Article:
The Gates Foundation has just released a report “With Their Whole Lives Ahead of Them” on why students fail to finish college, which might seem a timely topic amidst recent hand-wringing about our persistent failure to actually get students to a diploma. The problem, as with about all studies on this topic, is that it shows little information of any real evaluative use.
We find that “most students leave college because they are working to support themselves and going to school at the same time.” 54% of the students who left school cited “I needed to go to work and make money.” They also reported problems with textbook costs and other fees greater than their peers who graduated as well. Simple enough.
Also unsurprisingly, those who did not have financial support from their parents were far more likely not to graduate, at a rate of 58% dropping out as opposed to 38% graduating. Similarly, those without scholarships or loans were far more likely to drop out.
And yet, when we venture into reasons why students selected their schools, 41% of those who indicated that financial aid or a scholarship was a major reason for choosing their school did not graduate. Perhaps these had additional insurmountable financial difficulties, yet it not, there are clearly larger problems at hand.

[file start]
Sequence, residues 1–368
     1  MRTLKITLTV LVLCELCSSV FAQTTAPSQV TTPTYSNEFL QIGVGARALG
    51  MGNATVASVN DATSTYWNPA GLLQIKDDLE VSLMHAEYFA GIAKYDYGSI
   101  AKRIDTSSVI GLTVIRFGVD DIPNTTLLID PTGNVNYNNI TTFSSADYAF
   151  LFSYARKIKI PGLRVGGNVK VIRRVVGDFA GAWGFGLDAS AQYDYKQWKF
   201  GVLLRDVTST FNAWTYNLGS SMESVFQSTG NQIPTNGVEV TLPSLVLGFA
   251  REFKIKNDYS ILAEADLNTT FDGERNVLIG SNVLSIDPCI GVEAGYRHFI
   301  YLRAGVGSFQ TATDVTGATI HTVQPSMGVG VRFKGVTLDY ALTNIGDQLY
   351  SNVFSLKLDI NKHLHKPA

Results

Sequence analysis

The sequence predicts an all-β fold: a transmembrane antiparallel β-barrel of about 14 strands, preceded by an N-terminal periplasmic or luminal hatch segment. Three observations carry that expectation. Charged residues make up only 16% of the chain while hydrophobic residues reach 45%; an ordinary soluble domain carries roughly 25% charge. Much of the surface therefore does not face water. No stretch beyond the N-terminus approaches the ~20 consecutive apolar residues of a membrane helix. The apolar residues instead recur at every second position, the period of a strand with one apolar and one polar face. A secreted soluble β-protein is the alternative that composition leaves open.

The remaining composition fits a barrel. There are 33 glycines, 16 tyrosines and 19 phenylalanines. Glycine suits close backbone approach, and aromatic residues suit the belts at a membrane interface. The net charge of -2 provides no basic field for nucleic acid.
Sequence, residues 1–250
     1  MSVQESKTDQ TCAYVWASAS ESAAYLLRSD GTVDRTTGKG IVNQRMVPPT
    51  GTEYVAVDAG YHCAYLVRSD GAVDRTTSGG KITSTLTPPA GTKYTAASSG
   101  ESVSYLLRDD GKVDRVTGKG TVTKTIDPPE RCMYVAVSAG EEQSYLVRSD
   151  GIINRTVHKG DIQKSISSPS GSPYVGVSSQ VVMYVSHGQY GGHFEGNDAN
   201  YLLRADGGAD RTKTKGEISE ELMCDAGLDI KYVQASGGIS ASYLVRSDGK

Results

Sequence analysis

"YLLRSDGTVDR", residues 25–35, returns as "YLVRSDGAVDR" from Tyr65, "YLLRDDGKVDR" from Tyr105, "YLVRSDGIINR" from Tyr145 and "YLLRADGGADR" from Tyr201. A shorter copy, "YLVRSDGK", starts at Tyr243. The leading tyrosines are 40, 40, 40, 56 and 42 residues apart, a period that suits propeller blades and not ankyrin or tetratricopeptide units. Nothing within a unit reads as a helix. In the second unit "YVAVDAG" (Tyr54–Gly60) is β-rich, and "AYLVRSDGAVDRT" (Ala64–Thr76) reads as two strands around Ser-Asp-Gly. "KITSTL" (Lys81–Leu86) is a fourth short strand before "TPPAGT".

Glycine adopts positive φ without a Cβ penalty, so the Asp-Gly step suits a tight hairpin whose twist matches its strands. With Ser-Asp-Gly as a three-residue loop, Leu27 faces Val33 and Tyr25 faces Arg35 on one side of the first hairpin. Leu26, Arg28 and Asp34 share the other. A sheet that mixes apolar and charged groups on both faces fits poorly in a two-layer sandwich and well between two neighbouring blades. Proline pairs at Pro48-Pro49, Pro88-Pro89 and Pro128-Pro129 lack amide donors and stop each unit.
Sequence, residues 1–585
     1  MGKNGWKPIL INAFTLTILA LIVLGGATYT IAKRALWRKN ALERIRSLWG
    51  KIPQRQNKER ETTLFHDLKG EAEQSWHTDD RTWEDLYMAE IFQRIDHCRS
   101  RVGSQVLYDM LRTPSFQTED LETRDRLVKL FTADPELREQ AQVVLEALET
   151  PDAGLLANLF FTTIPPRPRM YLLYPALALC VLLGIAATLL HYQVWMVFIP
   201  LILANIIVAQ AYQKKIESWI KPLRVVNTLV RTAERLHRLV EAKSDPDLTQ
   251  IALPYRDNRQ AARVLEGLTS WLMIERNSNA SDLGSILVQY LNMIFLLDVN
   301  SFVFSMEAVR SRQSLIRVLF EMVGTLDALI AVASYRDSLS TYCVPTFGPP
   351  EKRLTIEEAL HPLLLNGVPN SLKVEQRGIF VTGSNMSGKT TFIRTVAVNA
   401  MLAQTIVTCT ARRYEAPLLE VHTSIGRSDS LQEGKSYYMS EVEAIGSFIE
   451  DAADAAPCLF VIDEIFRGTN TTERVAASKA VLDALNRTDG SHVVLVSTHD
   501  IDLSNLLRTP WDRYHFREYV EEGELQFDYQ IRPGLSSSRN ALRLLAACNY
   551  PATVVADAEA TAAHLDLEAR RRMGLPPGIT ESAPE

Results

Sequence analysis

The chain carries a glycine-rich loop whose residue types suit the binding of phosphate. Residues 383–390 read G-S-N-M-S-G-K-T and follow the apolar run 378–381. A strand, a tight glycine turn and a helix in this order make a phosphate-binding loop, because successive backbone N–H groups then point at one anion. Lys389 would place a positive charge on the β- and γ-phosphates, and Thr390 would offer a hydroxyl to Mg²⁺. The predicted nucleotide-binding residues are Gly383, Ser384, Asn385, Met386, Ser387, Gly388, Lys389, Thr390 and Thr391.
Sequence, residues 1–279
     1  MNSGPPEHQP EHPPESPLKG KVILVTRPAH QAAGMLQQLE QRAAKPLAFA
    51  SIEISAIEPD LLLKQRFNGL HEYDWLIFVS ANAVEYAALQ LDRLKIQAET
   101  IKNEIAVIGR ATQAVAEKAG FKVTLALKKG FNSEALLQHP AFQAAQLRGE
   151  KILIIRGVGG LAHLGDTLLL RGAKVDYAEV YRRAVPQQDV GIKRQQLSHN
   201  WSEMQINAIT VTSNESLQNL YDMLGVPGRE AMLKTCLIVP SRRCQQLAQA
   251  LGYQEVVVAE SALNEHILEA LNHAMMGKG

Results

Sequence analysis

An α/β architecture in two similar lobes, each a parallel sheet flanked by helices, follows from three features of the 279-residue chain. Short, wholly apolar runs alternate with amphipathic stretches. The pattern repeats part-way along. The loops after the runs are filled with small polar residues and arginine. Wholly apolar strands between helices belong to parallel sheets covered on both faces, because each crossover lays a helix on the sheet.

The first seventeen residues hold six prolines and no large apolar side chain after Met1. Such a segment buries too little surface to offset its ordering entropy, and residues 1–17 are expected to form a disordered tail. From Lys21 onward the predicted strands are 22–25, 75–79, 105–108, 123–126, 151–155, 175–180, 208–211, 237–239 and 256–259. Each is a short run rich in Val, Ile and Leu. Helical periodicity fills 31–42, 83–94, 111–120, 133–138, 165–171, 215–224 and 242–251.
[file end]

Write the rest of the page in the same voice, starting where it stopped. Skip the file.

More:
What’s left? Well, in keeping with prior indications, students who did not graduate were far more likely to choose colleges based on proximity to where they lived or worked, and to seek a class schedule that worked with my schedule (the students who graduated seemed to have far fewer prior commitments).
What is there to say, based on this sample of 614 students? Well, not much. Clearly, financial problems are at the root of numerous decisions to leave college before completion. Whether graduated or not, most students were supportive of the idea of cutting the cost of college by a quarter (who wouldn’t? and why only a quarter? How about half?). One interesting, and very-much neglected idea was “making part-time attendance more viable by giving those students better access to loans, tuition assistance and health care – benefits and services that are frequently available only to full-time students.” Otherwise, given the data in this report, it seems that there’s very little that can be done. Financial problems are intractable, and in an age where tuition restraint is an absent quantity and increasing federal support never seems to cut the actual price of education, this report is a series of points that fail to add up to anything resembling an answer.. Now if the Gates Foundation pledged to pay for all these shortcomings, that might make a difference. As it is, all we have is just another thick stack of paper.